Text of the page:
Generative AI has recently become available to the general public via web browsers, making the experience of ‘creating’—or in the context of this dossier ‘co-creating’—a seemingly novel image (or text or, most recently, video) accessible to everyone who is capable of typing and has an internet connection. This sort of ease to ‘create’ something with a high degree of technical accuracy has appeared before: the photographic apparatus of the camera.
In his treatise Towards a Philosophy of Photography, the Czech-Brazilian philosopher Vilém Flusser carries out an in-depth analysis of the relationship between the photographer, the camera, and the universe of images it generates. The case study of the camera is intended to also serve as a “general analysis of apparatus[es].”1 “Apparatus” can be understood as an “overarching term for a non-human agency, e.g. the camera, the computer and the ‘apparatus’ of the State or of the market.”2 Apparatuses are complex systems distributed across many components—both mechanical and social, hard and soft technologies.
In Flusser’s analysis, “all apparatuses (not just computers) are calculating machines and in this sense [are] ‘artificial intelligences,’ the camera included, even if their inventors were not able to account for this.”3 Thus, Flusser’s examination of the dynamic that exists between the camera (the photographic apparatus) and the photographer (whom he calls the “functionary”) can be fruitful when considering the dynamic between generative AI systems like DALL-E, Midjourney, and Stable Diffusion, and their human users (the “functionaries”).
While the camera is a literal black box, the apparatus is a figurative black box; this is an essential characteristic of its functioning. As Flusser wrote, “the functionary controls the apparatus thanks to the control of its exterior (the input and output) and is controlled by it thanks to the impenetrability of its interior.”4 For Flusser, the photographer serves (and “is controlled by”) the camera—the functionary serves the apparatus—and operates within the predetermined rules, or ‘program’, of the apparatus, which he defines as “a combination game with clear and distinct elements.”5 In this sense, the person who operates the apparatus becomes a function of its program.
Flusser discerns two intertwined programs within the camera: one that enables the camera’s technical operation, and another that provides the photographer with a “language” of images to explore.6 However, these programs are not isolated. The camera is also part of a larger network, affected by the programs of the photographic industry that designed it. This industry, in turn, is influenced by the broader industrial complex which is itself shaped by the socio-economic system. In this hierarchy of programs, which Flusser describes as being “open at the top,”7 the functionary’s agency is minimal. Their sense of freedom is merely a “programmed freedom” within the predetermined parameters of this hierarchy of programs and the “photographic universe”.8
Towards what, if anything, or into what, if anything, does this hierarchy open?
The word apparatus is sometimes applied to natural phenomena. Flusser gives the example of an animal’s hearing apparatus. For Flusser, such usage is “metaphorical” though, and amounts to “applying a cultural term to the natural world,” and “if there were no apparatuses in our culture, we should not refer to such organs in that way.”9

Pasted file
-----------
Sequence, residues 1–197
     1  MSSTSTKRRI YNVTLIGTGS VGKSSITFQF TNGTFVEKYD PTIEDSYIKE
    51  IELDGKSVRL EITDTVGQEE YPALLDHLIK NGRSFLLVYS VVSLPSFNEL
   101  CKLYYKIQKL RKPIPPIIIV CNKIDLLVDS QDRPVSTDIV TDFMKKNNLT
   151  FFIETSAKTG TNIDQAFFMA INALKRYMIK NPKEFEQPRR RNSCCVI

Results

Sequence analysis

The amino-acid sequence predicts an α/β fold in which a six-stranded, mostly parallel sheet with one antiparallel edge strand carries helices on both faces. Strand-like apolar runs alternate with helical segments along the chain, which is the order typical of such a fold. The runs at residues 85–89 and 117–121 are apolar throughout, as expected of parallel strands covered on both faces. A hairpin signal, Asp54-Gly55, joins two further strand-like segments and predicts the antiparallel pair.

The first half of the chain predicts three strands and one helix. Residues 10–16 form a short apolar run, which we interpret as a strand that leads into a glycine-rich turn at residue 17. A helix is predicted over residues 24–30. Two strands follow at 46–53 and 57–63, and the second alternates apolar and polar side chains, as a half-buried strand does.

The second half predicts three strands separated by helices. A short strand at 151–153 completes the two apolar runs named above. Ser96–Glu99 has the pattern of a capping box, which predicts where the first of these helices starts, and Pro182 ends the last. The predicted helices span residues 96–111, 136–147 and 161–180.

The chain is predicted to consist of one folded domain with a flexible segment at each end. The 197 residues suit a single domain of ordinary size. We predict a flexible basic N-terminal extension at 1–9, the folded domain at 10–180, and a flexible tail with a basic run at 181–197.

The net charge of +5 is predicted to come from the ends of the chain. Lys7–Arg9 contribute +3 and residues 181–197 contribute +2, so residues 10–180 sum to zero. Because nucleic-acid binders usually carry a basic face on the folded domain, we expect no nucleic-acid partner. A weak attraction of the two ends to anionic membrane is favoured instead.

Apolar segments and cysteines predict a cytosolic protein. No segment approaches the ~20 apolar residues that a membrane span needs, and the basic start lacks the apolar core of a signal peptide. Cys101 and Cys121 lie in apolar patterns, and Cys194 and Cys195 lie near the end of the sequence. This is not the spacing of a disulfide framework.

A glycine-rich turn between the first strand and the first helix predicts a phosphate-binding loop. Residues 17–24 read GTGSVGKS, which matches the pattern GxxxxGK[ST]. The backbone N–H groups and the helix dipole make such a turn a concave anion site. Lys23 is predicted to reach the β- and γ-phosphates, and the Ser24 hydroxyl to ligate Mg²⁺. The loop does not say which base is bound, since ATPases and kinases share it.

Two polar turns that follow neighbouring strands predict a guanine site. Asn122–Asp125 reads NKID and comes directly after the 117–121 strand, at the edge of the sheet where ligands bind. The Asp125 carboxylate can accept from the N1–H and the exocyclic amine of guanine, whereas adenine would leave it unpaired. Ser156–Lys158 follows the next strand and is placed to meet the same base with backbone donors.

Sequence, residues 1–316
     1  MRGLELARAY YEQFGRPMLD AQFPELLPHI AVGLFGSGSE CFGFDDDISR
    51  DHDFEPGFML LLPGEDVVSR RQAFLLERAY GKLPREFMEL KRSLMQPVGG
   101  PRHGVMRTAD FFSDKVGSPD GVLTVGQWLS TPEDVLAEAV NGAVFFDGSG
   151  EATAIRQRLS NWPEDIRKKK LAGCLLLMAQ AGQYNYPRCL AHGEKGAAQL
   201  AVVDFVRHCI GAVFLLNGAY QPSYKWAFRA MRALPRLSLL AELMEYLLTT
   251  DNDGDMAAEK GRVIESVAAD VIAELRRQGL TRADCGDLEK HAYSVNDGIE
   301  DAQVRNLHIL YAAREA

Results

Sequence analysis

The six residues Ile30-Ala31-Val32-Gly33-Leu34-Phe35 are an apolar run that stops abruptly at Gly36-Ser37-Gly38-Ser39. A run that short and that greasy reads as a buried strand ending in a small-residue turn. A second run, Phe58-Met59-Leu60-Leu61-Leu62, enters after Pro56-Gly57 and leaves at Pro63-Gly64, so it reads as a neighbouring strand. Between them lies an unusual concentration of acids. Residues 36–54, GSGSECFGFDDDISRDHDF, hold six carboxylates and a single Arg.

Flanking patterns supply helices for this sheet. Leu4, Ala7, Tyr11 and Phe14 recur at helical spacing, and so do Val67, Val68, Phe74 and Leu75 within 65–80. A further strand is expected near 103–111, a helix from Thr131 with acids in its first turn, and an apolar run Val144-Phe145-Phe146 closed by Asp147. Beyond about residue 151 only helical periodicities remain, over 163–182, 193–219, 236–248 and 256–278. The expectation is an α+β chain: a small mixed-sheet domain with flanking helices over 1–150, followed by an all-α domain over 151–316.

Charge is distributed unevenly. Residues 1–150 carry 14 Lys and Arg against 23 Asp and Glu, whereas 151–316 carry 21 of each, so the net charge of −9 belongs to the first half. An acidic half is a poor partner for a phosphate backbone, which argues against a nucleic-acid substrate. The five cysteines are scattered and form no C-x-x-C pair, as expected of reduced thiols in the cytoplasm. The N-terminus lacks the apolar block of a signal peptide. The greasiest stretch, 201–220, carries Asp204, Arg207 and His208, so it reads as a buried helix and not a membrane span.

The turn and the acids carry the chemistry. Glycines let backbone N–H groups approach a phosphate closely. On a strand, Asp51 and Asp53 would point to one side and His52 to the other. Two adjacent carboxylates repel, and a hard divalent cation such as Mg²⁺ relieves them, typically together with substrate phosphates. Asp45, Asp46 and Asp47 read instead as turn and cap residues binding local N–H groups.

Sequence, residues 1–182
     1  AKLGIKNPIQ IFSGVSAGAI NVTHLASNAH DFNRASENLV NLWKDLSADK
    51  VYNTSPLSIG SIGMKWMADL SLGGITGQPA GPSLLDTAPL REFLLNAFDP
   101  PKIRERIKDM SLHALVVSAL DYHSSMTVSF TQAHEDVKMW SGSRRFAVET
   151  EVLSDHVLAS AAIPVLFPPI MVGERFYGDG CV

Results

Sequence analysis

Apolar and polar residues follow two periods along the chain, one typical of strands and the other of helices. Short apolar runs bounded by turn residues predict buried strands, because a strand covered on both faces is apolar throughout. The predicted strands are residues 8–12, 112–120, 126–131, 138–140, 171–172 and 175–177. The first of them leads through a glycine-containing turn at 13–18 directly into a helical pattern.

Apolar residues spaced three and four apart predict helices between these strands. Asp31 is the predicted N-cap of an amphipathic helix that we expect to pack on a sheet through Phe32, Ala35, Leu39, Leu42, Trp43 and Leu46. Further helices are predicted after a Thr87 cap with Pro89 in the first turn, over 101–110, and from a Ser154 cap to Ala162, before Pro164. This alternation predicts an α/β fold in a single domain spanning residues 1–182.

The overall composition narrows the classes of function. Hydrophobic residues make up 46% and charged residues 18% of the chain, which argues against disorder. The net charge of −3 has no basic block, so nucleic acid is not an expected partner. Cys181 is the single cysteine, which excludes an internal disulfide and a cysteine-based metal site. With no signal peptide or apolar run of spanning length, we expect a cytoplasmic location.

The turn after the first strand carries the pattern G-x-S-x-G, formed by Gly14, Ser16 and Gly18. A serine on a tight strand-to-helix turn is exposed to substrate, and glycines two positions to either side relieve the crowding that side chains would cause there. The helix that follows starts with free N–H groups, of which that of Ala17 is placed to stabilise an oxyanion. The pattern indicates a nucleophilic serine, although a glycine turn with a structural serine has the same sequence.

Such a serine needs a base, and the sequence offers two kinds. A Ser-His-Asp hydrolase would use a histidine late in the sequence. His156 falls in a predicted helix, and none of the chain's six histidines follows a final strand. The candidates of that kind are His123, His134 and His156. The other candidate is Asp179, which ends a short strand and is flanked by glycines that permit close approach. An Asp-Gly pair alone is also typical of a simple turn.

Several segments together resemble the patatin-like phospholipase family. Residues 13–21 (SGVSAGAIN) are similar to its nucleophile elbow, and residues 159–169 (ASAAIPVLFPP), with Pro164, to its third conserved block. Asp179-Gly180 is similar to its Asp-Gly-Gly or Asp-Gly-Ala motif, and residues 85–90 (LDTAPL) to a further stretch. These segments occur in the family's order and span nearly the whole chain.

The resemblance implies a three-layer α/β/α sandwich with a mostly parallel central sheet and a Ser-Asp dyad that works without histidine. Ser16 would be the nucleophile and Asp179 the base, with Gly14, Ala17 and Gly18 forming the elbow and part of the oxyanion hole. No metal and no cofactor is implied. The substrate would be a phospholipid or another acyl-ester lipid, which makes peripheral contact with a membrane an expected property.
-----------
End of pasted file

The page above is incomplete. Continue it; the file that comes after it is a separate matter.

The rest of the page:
This is a recurring pattern of interpreting natural systems through cultural frameworks. Philosopher René Descartes conceived of animals as machines in the 17th century, a moment in a long lineage of thinking going back to ancient Greece and extending into the present that leads to contemporary biological engineering—the application of engineering principles to living organisms.
In his book The Selfish Gene, evolutionary biologist Richard Dawkins argues that genes are the fundamental units of natural selection and that organisms—which Darwin had defined as the unit of selection a century before—are mere “survival machines” for these genes.
From this perspective, and through adopting the language of Flusser in a metaphorical way, we could say that organisms are both the survival machines and the functionaries within the genetic universe.
The notion of ‘generative’ has a biological etymology related to reproduction. The sheer fecundity and ease of access to generative AI in both image and text have grabbed headlines and filled social media feeds. However, there is another guise of AI operating more quietly and away from the mass audiences of social media. This AI will impact the future of another, ontologically different, generative domain: biological life. By leveraging advances in computational power, data analysis, and machine learning techniques, AI is opening vast new potentials to create, among other developments, novel biological organisms.
In the metaphorical conceptualisation of organisms as “functionaries” within the “apparatus” of life, it would seem that life has found a new “functionary” in the human-AI coupled system—a functionary that can radically expand the scope and pace of exploration of the possibilities of the genetic universe.
Scientific researchers have already used artificial intelligence to create so-called “xenobots,” which are living, reproducing ‘robots’ from frog stem cells.10 The conceptualisation of life as machinic (from Descartes to Dawkins to bio-engineering) has led to biological machines becoming a reality. Thus, in the end, life as machine is not a metaphor but a hyperstition.11